What Are Blue Chip Stocks?

In the trading world, there are almost as many ways to classify stocks as there are stocks in the market itself – including blue chip stocks, which are some of the most sought-after stocks on the exchange.

If you don’t think you’re familiar with the term, think again – you’ve probably already encountered blue chip stocks whether you realize it or not. The Dow Jones Industrial Average, for example, is nothing more than a price-weighted market index of 30 blue chip stocks. You also probably shop at or do business with companies represented by these stocks on a regular basis.

This article will talk about blue chip stocks – what they are and how you can include them in your trading strategy.

Blue Chip Stocks Explained

To learn more about these stocks, we have to first look at who they represent. Blue chip stocks represent shares in blue chip companies, or established companies with national reputations known for stability, profitability, and leadership in their markets.

A blue chip company is viewed as a leader in its field. It typically is large – with a market capitalization (share price times the number of outstanding shares) of $5 billion or more – with a strong financial background and a history of solid earnings over a long period of time. Plus, these companies have reputations for having talented management, quality products and services, and stability.

It’s like in sports – blue chip players are athletes who are the best of the best, with recognizable talent and value to a team. You want to have at least a few blue chips on your team, and the same applies to the market.

Is there an actual formula or set of rules for coming up with what is and isn’t a blue chip stock? That depends on who you ask; I personally believe a blue chip is a company that, among other things, is a pretty safe investment because it has been around for a while and will continue to be around for a while just because most people can’t envision it ever going away.

Looking at Examples

What are some examples of blue chip stocks?

One great place to start is the Dow Jones Industrial Average (DJIA). This is a market index – or a way to measure how well the market is performing. Take 30 high-performing stocks in multiple sectors, do a little bit of math, and there you have it – a snapshot of the relative strength of the market.

What are some names we see in DJIA? There are some pretty big heavy-hitters and some of the country’s most recognizable companies on this list, including:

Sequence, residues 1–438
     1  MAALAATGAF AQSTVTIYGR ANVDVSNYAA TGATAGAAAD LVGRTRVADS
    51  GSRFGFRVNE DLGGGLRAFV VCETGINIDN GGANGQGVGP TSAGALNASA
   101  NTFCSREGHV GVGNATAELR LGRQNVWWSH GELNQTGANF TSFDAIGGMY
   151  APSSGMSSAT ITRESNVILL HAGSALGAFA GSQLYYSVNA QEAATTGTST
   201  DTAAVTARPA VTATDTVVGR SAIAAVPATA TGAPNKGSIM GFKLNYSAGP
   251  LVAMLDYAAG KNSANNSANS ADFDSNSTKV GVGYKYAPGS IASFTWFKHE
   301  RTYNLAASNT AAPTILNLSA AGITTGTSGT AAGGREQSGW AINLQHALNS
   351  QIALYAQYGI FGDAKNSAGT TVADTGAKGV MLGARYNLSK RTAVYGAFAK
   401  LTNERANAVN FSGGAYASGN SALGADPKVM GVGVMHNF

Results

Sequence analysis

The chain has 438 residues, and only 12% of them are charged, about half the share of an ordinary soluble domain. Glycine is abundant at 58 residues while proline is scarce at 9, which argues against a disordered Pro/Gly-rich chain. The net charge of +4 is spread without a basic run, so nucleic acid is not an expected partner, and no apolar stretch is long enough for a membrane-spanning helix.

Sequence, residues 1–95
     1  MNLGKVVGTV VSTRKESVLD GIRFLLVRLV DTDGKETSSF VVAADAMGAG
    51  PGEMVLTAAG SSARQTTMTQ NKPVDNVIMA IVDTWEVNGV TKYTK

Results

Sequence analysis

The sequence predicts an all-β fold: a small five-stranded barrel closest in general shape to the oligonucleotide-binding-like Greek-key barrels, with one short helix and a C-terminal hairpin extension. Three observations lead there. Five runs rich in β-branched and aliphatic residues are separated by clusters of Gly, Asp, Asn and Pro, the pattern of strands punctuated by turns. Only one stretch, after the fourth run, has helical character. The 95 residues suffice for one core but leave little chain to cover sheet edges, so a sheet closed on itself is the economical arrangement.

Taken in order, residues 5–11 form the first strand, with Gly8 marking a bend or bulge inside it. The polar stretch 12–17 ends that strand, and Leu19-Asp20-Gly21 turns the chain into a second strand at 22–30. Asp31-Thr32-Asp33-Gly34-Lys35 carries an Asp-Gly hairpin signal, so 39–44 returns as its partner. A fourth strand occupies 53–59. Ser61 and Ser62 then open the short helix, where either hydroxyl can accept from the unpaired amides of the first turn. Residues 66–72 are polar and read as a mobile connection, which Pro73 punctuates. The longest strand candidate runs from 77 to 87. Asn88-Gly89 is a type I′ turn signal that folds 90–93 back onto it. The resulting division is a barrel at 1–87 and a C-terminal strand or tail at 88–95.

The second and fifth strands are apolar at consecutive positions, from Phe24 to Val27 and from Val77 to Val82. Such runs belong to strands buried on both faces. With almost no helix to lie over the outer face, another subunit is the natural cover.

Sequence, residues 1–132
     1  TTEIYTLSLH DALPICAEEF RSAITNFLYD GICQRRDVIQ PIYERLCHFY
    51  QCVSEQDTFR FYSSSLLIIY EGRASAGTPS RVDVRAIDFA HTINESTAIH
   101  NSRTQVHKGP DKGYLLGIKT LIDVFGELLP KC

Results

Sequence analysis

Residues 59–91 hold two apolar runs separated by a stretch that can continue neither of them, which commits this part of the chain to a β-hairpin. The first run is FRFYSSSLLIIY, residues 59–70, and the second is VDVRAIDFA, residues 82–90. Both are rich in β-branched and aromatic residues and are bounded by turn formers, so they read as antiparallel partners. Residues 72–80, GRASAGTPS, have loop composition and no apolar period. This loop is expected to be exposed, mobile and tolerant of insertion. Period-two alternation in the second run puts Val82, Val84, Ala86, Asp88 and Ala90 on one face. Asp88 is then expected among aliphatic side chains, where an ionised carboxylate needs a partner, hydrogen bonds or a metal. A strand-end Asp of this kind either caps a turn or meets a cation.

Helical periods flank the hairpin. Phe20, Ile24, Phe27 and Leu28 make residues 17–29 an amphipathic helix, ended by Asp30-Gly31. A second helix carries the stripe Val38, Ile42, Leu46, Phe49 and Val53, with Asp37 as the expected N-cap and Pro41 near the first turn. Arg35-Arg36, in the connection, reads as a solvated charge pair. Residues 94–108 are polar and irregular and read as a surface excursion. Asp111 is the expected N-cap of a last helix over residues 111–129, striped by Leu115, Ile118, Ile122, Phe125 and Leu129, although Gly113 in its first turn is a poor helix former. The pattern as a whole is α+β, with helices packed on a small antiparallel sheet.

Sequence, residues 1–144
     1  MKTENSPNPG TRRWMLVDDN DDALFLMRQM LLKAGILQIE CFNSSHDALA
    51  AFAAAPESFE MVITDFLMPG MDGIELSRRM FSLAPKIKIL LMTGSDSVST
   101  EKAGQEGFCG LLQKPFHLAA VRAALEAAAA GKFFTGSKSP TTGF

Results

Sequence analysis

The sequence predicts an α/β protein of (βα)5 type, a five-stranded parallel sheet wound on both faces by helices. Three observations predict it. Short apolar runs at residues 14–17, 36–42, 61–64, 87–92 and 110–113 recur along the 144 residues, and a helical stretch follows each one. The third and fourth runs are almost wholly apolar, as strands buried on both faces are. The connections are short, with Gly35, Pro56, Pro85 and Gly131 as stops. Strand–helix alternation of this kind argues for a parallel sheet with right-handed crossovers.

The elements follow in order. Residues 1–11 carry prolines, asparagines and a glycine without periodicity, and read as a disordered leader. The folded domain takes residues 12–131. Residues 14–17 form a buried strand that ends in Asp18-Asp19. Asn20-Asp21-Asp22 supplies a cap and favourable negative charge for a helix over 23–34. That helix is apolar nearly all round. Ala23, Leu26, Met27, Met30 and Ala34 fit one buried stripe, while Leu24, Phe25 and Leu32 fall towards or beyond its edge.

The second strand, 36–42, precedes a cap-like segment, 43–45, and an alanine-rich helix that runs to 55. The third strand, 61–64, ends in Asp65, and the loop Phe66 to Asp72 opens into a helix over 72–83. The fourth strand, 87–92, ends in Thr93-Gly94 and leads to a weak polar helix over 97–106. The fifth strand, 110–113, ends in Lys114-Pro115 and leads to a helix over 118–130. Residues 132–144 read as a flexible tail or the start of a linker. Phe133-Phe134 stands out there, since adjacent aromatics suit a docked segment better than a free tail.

• AT&T
  • Bank of America
  • Chevron
  • Coca-Cola
  • ExxonMobil
  • IBM
  • McDonalds
  • Microsoft
  • Procter & Gamble
  • Wal-Mart
  • Walt Disney

All of the above can be considered blue chip stocks. There are other blue chips in the market that aren’t on that list, like Berkshire Hathaway, but for the most part, when you think blue chips think DJIA.

What Can You Do With Blue Chip Stocks?

This is the big question: Why should you even care?

It turns out there are multiple reasons to go with blue chip stocks, or at least have some in your portfolio. One major reason is stability. These companies, as you can imagine, aren’t going anywhere anytime soon. They can turn a profit regardless of if the economy is good or bad, and offer stability – particularly in a market marked by volatility.

Blue chip stocks are also safe when compared to other stocks. You can use these stocks to hold and retain wealth better, on average, than you can a basket of assorted stocks. Blue chippers offer consistent growth, which is always a plus.

Investors also turn to blue chip stocks for dividends, or payments made to shareholders per share from a company’s revenue. Let’s say you own 1,000 shares of Wal-Mart (WMT). Wal-Mart’s dividend currently is around $1.59 per share, per year. So, for every share you own, you’ll receive $1.59 – which means every year you’ll get paid $1,590 from Wal-Mart.

Dividends are great ways to generate income, which is why many investors turn to blue chip stocks. Most blue chips (although not all) have dividends.

Finally, you can use blue chip stocks as bellwethers, or stocks that reflect the overall performance the industry in general. For example, Microsoft (MSFT) is a bellwether for the tech industry; Caterpillar (CAT) is a bellwether for the construction industry. If bellwether, blue chip stocks do well, you can guess that other companies in the industry will probably do well, too.

Blue chip stocks may not offer the flashy, massive one-day gains as high-growth stocks may, but they are pretty reliable sources of income, growth, and stability. These qualities make blue chippers definitely worth looking into, especially for beginners who want to start conservatively and work their way up to bigger and riskier investments.

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